The proposed FSMA rule for intentional contamination uses the phrase "a person knowledgeable about food defense" in several places. What it doesn't tell you is how to choose a consultant (internal or external) with these capabilities. This blog article explores how to find a provider for your food defense plans.
That phrase, or a similar one, "prudent and knowledgeable about food defense," are used in several contexts. These include the person selecting targeted mitigation measures, the person training employees responsible for implementing targeted mitigation measures, and the person performing a vulnerability assessment.
Note that a vulnerability assessment is not required if the facility chooses to identify "actionable process steps" based on the four identified key activity types. This is a topic of a previous blog: 2 ways to look at vulnerability assessments (Part 1)
The FDA has requested comments on how to determine if a person is "knowledgeable about food defense." By the time the final rule is published, there could be consensus on this question. In the meantime, we offer this suggestion for your consideration:
Ask for a biography, CV, or resume from the employee or service provider you intend to use for your food defense work. Compare it to the 10 attributes detailed below. Just as Important, attach the bio to your food defense plan and training documents so you can justify and document your selection.
Does your provider have a degree related to food defense? This may be the least critical attribute today, but I believe it will take on growing importance in the years ahead. There are now a small number of degree programs concentrating on food defense, or food safety programs with significant food defense components.
What these (mostly young) people don't yet have is much industrial experience. That will come with time, and the best programs include exposure to industry.
Is your provider certified in food defense? There are very few certification or credential programs in food defense and nothing that is universally recognized. Where provided by a recognized and reputable organization this can serve as a good indicator of at least basic education.
Some providers may show you a certificate of completion of some workshop or seminar. This is helpful so far as it goes, but attendance does not necessarily imply mastery of the subject.
How long has your provider been working in food defense? The FDA began work in this field soon after 9/11/2001. The earliest guidance documents date to about 2003, so it is unlikely to find someone with more tenure than that. With a proposed rule out, there may be some newcomers that hope to leverage their related food safety or general security businesses.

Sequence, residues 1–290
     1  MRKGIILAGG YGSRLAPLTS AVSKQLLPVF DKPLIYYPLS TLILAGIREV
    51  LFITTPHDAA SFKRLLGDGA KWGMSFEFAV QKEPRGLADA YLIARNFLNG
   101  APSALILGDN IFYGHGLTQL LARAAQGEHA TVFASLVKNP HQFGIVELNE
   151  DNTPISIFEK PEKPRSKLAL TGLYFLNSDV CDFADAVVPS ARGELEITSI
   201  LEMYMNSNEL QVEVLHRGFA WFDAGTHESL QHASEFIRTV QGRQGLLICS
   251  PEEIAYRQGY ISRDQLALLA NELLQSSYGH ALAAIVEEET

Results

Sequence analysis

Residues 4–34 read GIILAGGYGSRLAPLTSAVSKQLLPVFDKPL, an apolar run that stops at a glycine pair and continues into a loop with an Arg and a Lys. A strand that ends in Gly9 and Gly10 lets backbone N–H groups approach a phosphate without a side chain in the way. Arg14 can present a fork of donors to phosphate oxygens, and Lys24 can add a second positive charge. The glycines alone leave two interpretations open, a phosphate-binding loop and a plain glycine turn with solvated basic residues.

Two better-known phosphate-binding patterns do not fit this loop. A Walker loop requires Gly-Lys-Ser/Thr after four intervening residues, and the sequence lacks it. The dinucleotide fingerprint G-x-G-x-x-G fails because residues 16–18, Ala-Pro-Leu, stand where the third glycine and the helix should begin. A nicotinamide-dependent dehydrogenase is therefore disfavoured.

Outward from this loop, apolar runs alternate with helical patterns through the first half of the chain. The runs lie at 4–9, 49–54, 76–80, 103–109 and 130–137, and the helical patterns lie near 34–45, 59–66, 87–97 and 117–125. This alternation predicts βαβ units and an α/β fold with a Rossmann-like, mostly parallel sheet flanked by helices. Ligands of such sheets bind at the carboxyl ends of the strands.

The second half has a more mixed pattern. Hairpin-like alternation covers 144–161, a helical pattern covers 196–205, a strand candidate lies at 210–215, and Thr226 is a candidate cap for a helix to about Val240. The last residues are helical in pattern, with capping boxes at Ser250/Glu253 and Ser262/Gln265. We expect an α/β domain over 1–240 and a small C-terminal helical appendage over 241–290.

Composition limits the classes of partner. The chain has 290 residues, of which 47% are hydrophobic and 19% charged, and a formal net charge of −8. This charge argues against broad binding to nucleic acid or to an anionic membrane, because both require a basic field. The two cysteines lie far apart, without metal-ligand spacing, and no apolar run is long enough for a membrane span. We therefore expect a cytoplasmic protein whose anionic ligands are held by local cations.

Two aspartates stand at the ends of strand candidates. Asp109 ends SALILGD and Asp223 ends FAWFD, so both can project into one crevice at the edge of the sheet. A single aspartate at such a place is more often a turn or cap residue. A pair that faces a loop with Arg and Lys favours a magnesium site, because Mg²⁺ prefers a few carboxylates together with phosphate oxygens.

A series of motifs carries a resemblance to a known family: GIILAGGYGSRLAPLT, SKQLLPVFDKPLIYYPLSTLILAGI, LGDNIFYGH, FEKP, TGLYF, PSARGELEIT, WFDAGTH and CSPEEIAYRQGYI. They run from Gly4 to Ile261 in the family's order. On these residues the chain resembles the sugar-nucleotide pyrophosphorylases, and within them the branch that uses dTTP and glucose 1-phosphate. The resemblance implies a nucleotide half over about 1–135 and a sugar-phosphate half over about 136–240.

Is your provider an authority on the subject? Have they authored any book, chapter, or white papers on the topic? What about magazine or blog articles? Are these publications well read and referenced by others? If you search online for this person's name and "food defense," do you get any results?
Is your provider up to date? Have they read the proposed rule cover to cover? What recent events, presentations, or forums have they participated in? Do they contribute to online discussion groups, newspaper interviews or recent blogs?
Does your provider train others? Do they teach workshops and webinars? How often, what topics and are they In demand? Who are they doing the training for?
Is your provider sought after as a speaker on the topic of food defense at industry conferences and forums?
Has your provider contributed to the body of knowledge in food defense? Authoring, training and speaking, as mentioned above, all demonstrate contribution. Have they also contributed to new tools, methods or approaches in food defense? Have they contributed to expert panels, focus groups and testing of methods?
Has your provider created a number of food defense plan and conducted many vulnerability assessments. Are they competent with the use of the CARVER Plus Shock software and the Food Defense Plan Builder tool? Have they participated in table-top response exercises?
This is perhaps the most important measure. How long have they worked in the factory environment and are they familiar with the kinds of unit operations that make up your operation? Since the focus of the proposed rule is on specific process points (actionable) and the focused mitigation measures to address those points, a strong familiarity with food processing is critical.
While it is unlikely that any potential provider can affirm every one of these attributes, the one that claims only one or two may be underqualified. Interview prospective providers against this list and establish some threshold you can justify (5, 6, 7?). Document your selection process. Then you should feel comfortable that you have indeed found someone "prudent and knowledgeable in food defense."